NEW YORK (WABC) -- Andrew Cuomo responded to President Joe Biden's comments Wednesday regarding the sexual harassment allegations against the New York governor.
In an exclusive interview with ABC News' George Stephanopoulos on Tuesday, President Biden said that Cuomo should resign if an investigation confirms claims he committed sexual harassment.
"The president said there should be a review," Cuomo said. "I agree with him on that, the people of New York agree with him on that, people of New York in the Siena poll said, 50% to 35%, or something like that, that i should not resign. 35% said I should resign. By the way 35% would say i should resign anyway. There has always been 35% against me, on the normal political spectrum. So President Biden's position is consistent with New Yorkers position, consistent with the siena poll position, consistent with my position.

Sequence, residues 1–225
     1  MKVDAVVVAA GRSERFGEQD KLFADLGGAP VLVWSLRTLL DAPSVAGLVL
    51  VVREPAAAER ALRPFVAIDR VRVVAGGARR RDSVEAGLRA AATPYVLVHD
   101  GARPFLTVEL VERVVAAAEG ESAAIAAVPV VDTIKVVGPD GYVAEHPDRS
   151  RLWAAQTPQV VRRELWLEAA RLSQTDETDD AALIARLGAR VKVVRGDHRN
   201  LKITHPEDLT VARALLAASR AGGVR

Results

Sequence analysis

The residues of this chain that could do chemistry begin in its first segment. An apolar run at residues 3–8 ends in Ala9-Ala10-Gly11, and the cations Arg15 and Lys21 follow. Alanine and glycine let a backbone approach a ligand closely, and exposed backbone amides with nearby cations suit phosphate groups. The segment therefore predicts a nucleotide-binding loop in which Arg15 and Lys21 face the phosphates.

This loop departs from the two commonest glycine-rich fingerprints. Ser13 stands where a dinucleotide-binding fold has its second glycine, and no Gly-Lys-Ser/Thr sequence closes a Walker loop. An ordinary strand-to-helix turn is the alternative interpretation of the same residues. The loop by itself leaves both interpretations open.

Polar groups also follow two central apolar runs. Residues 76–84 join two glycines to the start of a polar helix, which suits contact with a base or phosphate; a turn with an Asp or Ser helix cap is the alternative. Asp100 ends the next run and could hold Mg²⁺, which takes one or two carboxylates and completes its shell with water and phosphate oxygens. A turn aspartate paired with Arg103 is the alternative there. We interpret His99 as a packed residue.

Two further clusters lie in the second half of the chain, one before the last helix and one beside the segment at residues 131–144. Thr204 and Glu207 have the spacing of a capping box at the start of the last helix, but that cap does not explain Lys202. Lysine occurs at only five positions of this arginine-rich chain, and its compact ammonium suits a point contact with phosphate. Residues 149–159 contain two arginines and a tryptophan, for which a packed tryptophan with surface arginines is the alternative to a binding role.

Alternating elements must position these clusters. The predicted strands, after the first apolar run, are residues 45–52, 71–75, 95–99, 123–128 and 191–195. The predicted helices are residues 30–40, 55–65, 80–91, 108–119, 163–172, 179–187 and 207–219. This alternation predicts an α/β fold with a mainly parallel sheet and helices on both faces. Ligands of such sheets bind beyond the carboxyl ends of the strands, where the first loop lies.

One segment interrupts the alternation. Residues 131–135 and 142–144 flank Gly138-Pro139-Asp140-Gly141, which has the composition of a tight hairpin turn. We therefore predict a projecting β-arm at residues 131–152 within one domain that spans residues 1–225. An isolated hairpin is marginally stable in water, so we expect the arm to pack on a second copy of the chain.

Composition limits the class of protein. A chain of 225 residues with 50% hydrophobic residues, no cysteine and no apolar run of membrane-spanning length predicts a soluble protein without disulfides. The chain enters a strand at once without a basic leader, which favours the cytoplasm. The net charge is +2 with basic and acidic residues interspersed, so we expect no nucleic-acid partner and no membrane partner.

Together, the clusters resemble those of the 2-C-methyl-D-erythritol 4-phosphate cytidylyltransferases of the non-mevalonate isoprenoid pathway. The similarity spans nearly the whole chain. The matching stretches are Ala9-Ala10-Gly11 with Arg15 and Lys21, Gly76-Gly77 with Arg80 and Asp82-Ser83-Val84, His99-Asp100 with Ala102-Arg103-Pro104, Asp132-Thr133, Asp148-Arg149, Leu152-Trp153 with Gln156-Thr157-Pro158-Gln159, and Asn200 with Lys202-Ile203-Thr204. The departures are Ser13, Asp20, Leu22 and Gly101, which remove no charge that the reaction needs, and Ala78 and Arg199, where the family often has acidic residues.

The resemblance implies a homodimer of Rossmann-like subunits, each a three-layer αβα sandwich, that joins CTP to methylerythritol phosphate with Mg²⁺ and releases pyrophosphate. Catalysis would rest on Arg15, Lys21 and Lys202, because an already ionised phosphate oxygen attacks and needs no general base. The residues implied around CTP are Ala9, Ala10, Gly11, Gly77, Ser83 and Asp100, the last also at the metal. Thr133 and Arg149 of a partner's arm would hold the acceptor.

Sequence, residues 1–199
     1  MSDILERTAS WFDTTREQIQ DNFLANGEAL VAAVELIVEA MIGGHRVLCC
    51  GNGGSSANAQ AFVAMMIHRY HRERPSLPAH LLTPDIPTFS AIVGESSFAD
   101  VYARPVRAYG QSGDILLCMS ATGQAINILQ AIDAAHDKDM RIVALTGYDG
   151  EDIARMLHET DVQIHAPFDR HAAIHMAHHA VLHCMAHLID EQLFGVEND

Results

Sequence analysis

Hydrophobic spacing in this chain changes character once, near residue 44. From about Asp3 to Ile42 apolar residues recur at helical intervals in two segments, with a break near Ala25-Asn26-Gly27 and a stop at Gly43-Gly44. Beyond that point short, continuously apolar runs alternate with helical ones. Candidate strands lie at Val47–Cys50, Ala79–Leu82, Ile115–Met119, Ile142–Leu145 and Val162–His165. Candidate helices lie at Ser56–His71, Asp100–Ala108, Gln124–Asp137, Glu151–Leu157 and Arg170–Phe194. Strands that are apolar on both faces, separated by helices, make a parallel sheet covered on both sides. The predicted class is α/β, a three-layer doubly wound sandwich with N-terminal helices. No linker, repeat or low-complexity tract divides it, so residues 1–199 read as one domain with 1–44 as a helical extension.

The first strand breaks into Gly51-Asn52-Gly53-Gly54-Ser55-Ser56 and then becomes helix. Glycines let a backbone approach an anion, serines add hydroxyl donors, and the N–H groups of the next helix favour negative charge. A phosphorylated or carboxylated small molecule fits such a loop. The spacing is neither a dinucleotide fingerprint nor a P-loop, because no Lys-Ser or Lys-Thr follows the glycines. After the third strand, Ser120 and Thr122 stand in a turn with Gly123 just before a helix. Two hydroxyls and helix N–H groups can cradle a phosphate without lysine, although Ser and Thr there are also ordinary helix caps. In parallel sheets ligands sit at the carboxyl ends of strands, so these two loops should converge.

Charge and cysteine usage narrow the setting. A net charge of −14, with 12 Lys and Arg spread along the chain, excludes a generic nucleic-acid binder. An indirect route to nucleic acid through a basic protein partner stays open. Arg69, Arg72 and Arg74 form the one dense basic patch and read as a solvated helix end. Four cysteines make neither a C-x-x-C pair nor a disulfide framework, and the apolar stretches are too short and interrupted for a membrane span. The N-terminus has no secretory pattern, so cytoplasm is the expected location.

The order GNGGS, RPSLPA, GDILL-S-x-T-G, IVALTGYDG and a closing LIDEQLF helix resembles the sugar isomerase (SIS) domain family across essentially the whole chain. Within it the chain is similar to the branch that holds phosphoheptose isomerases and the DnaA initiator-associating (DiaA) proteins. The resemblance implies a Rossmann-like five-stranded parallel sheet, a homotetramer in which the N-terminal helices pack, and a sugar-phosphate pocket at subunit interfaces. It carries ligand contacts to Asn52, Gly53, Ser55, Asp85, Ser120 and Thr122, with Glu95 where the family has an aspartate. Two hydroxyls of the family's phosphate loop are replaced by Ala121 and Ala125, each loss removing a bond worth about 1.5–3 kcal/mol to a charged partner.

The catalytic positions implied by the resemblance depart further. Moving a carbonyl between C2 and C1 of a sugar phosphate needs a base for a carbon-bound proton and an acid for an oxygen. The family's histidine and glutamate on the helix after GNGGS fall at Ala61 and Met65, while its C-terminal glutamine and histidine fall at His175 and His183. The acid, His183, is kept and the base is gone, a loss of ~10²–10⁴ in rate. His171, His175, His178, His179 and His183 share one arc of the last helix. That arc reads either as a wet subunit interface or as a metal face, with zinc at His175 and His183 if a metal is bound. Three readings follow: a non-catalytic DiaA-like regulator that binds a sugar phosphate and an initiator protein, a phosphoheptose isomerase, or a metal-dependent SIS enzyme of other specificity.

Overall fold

Cuomo reiterated he is not going to resign.
"Find out the facts, and we will take it from there," he said.
Biden also said if Cuomo is found guilty, "I think he'll probably end up being prosecuted, too."
"If you committed a crime, you can be prosecuted, that's true, but what President Biden said was, we should do an investigation," Cuomo said. "The question to President Biden starts with, 'Do you think the governor should resign or do you think should there a review first?' And the president said, 'There should be a review.'"